Captain Sullenberger, Preparation, Routine and Opportunities

Feb 11 09:30 2009 Andrew Cox Print This Article

Hats off to Captain Sullenberger and his crew and their rescue - I can't think of a better word to describe what they did - in saving the passengers and themselves when they had to ditch in the Hudson River. The accolades and gratitude and respect that the crew have received are well earned. And there is a real lesson for all of us as we go about the business of our lives

Hats off to Captain Sullenberger and his crew and their rescue - I can't think of a better word to describe what they did - in saving the passengers and themselves when they had to ditch in the Hudson River. The accolades and gratitude and respect that the crew have received are well earned.

And there is a real lesson for all of us as we go about the business of our lives - every day - some routine days,Guest Posting some difficult days, some boring days, some really special days.

The lesson can be summed up in a quote I read in the book "The Last Stand Of The Tin Can Sailors" by James D. Hornfischer.

"It has been written that so much of life is preparation, so much is routine, and so much is retrospect, that the purest essence of anyone's genius contracts itself into a precious few hours."

The quote refers to the heroism of the small destroyers and destroyer escort ships of the US Navy at the Battle of the Samar Sea in WW II. They turned into the teeth of a large Japanese fleet bent on destroying the carriers they were protecting. Outgunned and outnumbered, the tin can sailors attacked - and all the preparation, routine, habit and response they had accumulated contracted into the collective genius necessary to give the carriers time to escape - but at a very high cost to those sailors and their ships.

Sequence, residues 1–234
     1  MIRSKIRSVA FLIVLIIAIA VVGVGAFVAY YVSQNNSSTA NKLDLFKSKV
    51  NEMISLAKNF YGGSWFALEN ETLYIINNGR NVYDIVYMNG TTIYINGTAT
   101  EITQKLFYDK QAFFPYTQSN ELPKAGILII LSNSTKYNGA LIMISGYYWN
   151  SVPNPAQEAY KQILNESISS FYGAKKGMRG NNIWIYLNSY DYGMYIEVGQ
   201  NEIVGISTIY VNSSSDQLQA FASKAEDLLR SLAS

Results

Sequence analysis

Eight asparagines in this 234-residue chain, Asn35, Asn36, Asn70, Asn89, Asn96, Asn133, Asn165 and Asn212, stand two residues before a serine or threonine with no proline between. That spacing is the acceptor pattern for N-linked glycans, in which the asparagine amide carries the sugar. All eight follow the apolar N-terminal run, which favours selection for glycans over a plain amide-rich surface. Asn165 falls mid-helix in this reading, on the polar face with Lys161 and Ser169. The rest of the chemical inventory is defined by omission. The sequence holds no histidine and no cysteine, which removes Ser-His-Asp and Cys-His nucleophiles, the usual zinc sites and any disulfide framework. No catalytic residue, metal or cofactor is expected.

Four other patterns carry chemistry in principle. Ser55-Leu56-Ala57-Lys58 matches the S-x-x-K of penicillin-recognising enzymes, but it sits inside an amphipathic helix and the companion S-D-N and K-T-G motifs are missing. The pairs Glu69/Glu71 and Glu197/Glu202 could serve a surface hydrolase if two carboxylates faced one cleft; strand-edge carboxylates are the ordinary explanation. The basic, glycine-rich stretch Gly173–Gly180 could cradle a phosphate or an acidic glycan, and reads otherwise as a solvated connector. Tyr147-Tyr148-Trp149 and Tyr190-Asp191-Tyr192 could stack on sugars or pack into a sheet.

Captain Sullenberger and his crew saw all of their preparation, routine and retrospect contract into a brief period of genius that was the product of everything that came before it. Everything I have read about the Captain tells a story of a man constantly striving to be better, to rehearse scenarios, to understand the dynamics of what he spent so much time doing. And when those birds hit, all of that contracted into his - and his crews - particular genius - and lives were saved.

In these times when so much negative is reported, stories of true genius, of competence, of heroism, of people just doing their jobs can help us keep perspective. And realize that our own times of preparation, routine and retrospect can contract into a few hours when an opportunity presents itself that can be life changing.

It's tempting right now - when everything seems mired in negativity - to ask ourselves "what's the use?" Answer that question by remembering and thanking the Captain Sullenberger's and the tin can sailors - draw inspiration from them - and press on.

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Andrew Cox
Andrew Cox

Andy Cox helps individuals, teams and organizations identify and develop their Multipliers of Success - the unique set of Behaviors, Motivators and Personal Skills each client needs for success. Contact Andy at acox@consultgroup.com Visit his website for information on how he can help you discover and develop your Multipliers of Success. His website address is http://www.coxconsultgroup.com

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